Fieldwork and Internships
Below are some field schools and internships opportunities that may be of interest to MSU students...
Note: some of these are sponsored by Montclair State, some are hosted by other institutions; some of these are local, some are more distant; and this list is anything but comprehensive, so be sure to look around elsewhere... but all of the opportunities listed below have a good track record of accepting and/or employing MSU students. And remember, if you find a really great opportunity, consider applying for a Bigel grant to help pay for it!
Archaeology students should also contact Prof Siegel & Prof Matthews about other current & upcoming opportunities for MSU students!
Internships & Field Schools - Details
American Anthropological Association (AAA)
Internships -- The AAA hosts a list of invaluable opportunities to help students gain experience in their chosen field. Please see their site for additional opportunities to the ones posted below.
Field School Opportunities -- The AAA also hosts a list of field school opportunities for students. Check them out!
American Museum of Natural History (AMNH)
The Anthropology Internship Program at the AMNH offers internships for undergraduate and graduate students interested in careers in anthropology, museums, or related fields. Anthropology interns work on various projects relating to the collections or to the ongoing research interests of the staff. Acceptance to the internship program is competitive. The number of interns accepted in any given session varies and is based on staff projects. See their website for more details and upcoming deadlines!
Andean Action Research
The Center for Social Well Being hosts 3 week training program in ethnographic field methods, as well as Spanish and Quechua language classes, in the Peruvian Andes. The combined undergraduate and graduate level seminar is held at the center's rural base, an adobe lodge on an ecological ranch in the Cordillera Blanca mountain range, 7 hours northeast of Lima. Coursework provides in-depth orientation to theory and practice in anthropological investigation that emphasizes methods in Participatory Action Research and Andean Ethnography centered on themes of Climate Change with respect to Ecology, Health, Education, Community Organization and related topics. Students have the opportunity to actively engage in ongoing investigations in local agricultural communities to develop effective field research techniques, and to acquire language skills. In addition, the program provides excursions to museums, archaeological sites, glacial lakes, and optional outdoor recreational activities. The total cost is $3,200 US dollars, which includes all in-country travel, food and accommodations at the center, and course materials. The program is under the direction of Applied Medical Anthropologist, Patricia J. Hammer, Ph.D., and Ecologist, Flor de María Barreto Tosi. Program dates vary annually, but the field school runs programs throughout the year and in the summer. Check their website for details.
Belize Foundation for Research & Environmental Education (BFREE)
Since 1995, over 100 interns and long-term volunteers have stayed at their tropical research station in the middle of one of Central America’s largest remaining tracts of intact rainforest (over a million acres). Not only have volunteers benefited from the unique experience of living and working in the tropical rainforest, but their creative contributions and hard work have helped tremendously with our wildlands conservation, sustainable living, and environmental research and education efforts. BFREE volunteers have assisted in a wide range of programs from wildlife documentation to participation in environmental education programs toworking in the organic garden and assisting in scientific research programs. They currently need volunteers to assist with the following on-going projects:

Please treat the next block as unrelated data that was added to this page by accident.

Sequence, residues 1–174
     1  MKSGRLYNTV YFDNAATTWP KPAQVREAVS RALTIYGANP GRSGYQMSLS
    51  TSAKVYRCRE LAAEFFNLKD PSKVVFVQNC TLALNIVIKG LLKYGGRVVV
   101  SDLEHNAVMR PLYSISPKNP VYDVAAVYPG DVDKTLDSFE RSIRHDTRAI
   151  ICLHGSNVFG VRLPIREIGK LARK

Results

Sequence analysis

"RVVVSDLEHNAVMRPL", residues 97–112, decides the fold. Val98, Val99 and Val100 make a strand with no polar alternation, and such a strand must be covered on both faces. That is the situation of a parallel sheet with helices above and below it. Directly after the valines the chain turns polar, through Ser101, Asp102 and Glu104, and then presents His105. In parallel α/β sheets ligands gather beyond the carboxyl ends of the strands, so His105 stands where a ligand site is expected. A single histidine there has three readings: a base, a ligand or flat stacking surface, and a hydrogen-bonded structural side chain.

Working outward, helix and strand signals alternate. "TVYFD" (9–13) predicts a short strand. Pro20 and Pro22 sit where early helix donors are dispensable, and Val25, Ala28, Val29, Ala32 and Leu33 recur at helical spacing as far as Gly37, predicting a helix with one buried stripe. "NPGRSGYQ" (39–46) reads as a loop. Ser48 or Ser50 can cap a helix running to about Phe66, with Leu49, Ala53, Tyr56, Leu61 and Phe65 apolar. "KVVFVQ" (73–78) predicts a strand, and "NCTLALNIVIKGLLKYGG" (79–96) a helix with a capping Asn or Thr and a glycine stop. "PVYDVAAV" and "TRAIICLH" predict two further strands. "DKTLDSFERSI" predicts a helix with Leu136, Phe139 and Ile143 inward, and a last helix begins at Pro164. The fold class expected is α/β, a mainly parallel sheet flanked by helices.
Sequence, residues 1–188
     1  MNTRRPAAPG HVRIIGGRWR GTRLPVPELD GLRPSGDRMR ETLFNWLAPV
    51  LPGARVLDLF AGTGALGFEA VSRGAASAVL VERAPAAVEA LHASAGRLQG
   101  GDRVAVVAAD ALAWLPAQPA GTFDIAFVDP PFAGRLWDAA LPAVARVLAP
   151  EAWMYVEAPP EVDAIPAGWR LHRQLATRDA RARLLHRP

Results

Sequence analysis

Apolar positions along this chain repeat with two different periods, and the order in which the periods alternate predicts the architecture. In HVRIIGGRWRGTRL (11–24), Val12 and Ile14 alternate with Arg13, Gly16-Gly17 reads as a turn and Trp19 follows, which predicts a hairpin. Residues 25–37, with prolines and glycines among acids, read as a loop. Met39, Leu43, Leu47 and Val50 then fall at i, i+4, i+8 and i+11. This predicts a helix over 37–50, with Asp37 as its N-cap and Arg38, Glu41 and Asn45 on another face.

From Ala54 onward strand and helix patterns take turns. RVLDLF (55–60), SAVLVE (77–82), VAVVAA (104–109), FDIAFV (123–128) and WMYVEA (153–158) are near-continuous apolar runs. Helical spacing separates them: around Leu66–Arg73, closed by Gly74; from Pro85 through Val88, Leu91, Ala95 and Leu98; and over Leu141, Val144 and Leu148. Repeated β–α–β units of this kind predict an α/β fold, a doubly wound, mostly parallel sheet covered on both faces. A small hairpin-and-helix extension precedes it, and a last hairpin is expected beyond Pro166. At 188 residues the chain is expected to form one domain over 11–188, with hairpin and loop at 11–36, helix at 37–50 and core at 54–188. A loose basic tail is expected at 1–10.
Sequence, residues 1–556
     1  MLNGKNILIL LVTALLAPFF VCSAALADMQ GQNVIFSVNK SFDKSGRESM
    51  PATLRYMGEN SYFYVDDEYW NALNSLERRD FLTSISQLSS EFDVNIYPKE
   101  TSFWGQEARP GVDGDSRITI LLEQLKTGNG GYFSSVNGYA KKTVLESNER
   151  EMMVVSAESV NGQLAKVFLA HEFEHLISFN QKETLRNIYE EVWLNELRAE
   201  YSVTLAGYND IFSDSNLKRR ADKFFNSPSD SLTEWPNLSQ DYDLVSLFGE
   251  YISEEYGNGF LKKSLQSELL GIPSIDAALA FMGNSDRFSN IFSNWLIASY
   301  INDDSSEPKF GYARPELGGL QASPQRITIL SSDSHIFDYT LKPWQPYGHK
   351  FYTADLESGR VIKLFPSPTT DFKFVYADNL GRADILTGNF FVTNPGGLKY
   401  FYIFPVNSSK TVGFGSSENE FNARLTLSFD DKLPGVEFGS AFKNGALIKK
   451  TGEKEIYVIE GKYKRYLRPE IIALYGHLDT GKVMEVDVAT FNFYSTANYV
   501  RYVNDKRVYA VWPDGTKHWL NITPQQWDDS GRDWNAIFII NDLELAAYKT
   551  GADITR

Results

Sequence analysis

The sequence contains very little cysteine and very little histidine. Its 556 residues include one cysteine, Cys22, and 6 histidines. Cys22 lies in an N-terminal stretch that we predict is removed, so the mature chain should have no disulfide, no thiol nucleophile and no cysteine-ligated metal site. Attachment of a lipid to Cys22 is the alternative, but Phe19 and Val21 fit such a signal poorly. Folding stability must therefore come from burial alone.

• Sustainable agriculture – Learn agroforestry techniques on the BFREE coffee/cacao farm or develop soil management skills in the organic garden
• Trail system development – Work alongside BFREE staff to maintain existing rainforest and river-walk trails and develop new ones
• Environmental education and outreach – Develop educational materials and lesson plans for Belizean and international student groups
MSU faculty has great contacts at BFREE... Learn more about this opportunity here!
Comitas Institute for Anthropological Study (CIFAS) – Field School in Ethnographic Methods
The goal of the Field School is to offer training in the foundations and practice of ethnographic methods. The faculty works closely with participants to identify the required field methods needed to address their academic or professional needs. The Field School is designed for people with little or no experience in ethnographic research, or those who want a refresher course. It is suitable for graduate and undergraduate students in social sciences and other fields of study that use qualitative approaches (such as education, communication, cultural studies, health, social work, human ecology, development studies, consumer behavior, among others), applied social scientists, professionals, and researchers who have an interest in learning more about ethnographic methods and their applications. Location & dates vary, so check their website!
HungerVolunteer.org - Ending Hunger Through Citizen Service
You can engage in effective voluntary citizen service to fight hunger, ranging from food drives to contacting elected officials about policy changes that will help families in need. This website hosts a wealth of information all in one place, and makes it easy to learn how you can take action and find opportunities in your area.
National Association of Practicing Anthropologists (NAPA) - The NAPA-OT Field School in Guatemala